Maria - Hello. I'm Maria from Cambridge. I'm just really curious. The psychics you work with or people who think they can see or hear, when they finished working with you, does anybody ever say, “Oh my God! Maybe I got it wrong”?
Chris F. - You'll be amazed to know that on one occasion when we tested a psychic, we did the test, she got the results. She said, “Well, I should have been able to pass that test. I'm gobsmacked!” That was her term. “I'm gobsmacked!” We thought, that’s unusual because usually, they start making all kinds of excuses. We always bend over backwards to make sure that they're happy with the test before we start. No point in doing it otherwise. We get them to sign something to say it’s a fair test. Afterwards, when they fail, they typically say, “It wasn’t a fair test after all.” This woman actually, it looked like she was going to be the first one ever to say, “Well, I should’ve been able to do that.” Within a day or two, she changed her mind and decided it wasn’t a fair test after all.
Hannah - There's a question that’s come in via Facebook. Steven Quill has been in touch saying, “What's the most spooky experience one of the panel has ever encountered?”
Chris F. - I have spent very, very many nights in supposedly haunted houses and I must confess, it’s about as exciting as watching paint dry. I find myself sitting there thinking, “Why am I doing this?” And then I remember – it’s usually for a TV programme – so I remember, “Ahh! It’s because they're paying me.”
Chris - Ginny and Hannah.
Ginny - So, we’re going to show you that you maybe can't always trust everything that you hear. I want everyone to listen to this and think about what you can hear, what it sounds like…(audio). It’s quite spooky, isn’t it? So, what does it sound like? Can anyone describe it for me?
Harry - I'm Harry. I'm from Caldecott. Is it someone playing the piano?
Hannah - It might be the piano. I don’t know what instrument it is. It could be the piano. What does it sound like? Is it going up or down?
Harry - Isn’t it the same few notes played over and over again?
Ginny - What did everyone else think? does it sound like it’s staying the same?
Male - Sounded like it was going up a scale, up a spooky scale.
Ginny - Give us a cheer if you agree.
Audience - Yes!
Ginny - Did anyone think it was going down?
Audience - No.
Ginny - No. So, it sounds like it’s going up. Let’s have another listen. I think it sounds a bit like someone creeping upstairs, going up and up and up. Would you all believe me if I told you that’s not actually going up and up forever? It’s all an illusion. So, we’re going to need someone to help us prove that.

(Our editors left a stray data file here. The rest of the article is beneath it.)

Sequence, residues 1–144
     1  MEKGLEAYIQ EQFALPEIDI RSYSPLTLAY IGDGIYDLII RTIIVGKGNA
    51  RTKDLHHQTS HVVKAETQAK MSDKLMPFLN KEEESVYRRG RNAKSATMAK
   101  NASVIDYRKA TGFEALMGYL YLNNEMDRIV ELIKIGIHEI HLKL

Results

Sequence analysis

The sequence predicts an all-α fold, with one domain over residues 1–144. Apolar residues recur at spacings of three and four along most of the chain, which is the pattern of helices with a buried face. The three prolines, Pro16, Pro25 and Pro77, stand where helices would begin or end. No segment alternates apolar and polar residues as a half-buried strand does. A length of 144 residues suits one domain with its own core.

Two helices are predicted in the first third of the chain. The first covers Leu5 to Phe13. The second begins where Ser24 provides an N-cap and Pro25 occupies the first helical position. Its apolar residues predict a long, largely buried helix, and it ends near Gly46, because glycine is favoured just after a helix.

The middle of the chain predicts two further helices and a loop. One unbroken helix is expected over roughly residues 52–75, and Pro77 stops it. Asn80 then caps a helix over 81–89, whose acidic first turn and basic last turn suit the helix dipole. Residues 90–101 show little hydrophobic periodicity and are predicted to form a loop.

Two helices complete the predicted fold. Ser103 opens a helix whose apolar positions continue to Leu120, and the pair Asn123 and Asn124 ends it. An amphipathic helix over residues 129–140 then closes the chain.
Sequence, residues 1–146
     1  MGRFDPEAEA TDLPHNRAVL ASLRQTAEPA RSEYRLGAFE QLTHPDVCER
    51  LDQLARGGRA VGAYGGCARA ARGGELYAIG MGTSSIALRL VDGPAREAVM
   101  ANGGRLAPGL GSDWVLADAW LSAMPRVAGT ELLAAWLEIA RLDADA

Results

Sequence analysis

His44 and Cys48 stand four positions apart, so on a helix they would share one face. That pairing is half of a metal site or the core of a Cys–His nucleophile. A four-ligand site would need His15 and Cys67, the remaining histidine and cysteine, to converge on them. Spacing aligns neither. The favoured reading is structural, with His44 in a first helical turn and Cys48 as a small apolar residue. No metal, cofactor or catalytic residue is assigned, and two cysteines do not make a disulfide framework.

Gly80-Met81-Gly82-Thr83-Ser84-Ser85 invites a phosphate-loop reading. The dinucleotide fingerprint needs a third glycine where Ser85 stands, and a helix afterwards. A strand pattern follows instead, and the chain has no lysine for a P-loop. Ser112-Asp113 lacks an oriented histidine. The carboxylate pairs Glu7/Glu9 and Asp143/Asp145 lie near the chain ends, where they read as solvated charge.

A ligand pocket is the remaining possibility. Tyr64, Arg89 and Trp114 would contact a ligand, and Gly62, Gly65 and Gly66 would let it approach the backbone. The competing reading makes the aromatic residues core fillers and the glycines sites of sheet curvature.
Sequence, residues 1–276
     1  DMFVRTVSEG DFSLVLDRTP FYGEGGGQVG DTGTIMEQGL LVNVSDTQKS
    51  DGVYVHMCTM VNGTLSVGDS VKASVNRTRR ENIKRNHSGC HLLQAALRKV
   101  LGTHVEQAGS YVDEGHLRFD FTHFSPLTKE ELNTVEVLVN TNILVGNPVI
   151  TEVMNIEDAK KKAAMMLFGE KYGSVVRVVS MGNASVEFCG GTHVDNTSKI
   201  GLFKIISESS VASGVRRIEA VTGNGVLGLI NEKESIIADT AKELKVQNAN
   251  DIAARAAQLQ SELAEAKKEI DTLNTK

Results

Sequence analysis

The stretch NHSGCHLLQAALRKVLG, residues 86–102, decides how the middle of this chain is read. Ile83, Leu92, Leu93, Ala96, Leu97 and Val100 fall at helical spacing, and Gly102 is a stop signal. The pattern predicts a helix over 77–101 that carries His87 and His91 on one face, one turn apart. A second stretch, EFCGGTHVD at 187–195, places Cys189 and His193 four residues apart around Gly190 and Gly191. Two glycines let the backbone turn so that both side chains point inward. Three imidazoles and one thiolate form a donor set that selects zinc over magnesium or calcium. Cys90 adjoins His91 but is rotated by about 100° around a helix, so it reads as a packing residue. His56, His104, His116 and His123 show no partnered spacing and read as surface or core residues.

Hannah - What's your name?
Malcolm - Malcolm.
Hannah - Malcolm, will you come and join us on stage? so, in front of Malcolm, we’ve got a big a speaker and surrounding the speaker, a little kind of almost like piano keys which – Malcolm, we’re going to get you to hit each one of the piano keys, in turn, going around the speaker.
Hannah - And now, Malcolm is right back at the beginning and he’s continuing going around. What's happening, Malcolm?
Malcolm - It’s just getting higher. The notes are just getting higher.
Hannah - Even though you're hitting same keys of the piano almost, the notes sound to you like they're getting higher. But how can that make sense?
Malcolm - I'm not sure.
Ginny - A round of applause. (applause). So, this is a really clever illusion because it felt like you could’ve just kept playing them over and over again and it would’ve got higher and higher. But actually, when you think about it, that ending note…wasn’t actually any higher than the one we started on… So, what's going on here is they're not actually one single note. You’ve got lots of different frequencies, lots of different pitches being played together. Each time you move one note along, each of those notes goes up a step, but the one at the very top disappears, and you add a new one below. So, you can imagine it like a whole load of lines moving up on a page, but when they get to the top of the page, they fall off, and you add an extra one below. So, although each individual note within that chord is going up every time you play the next one, the whole overall thing isn’t getting any higher. It’s kind of like – I don’t know if anyone seen the drawing of Escher’s staircase? It’s this really cool illusion where it looks like you could just keep walking up and up the staircase forever but it actually goes around in a circle. You can think of this as a kind of auditory version of that visual illusion. But it just shows that we can't always trust our brains and we can't always trust what we think we hear.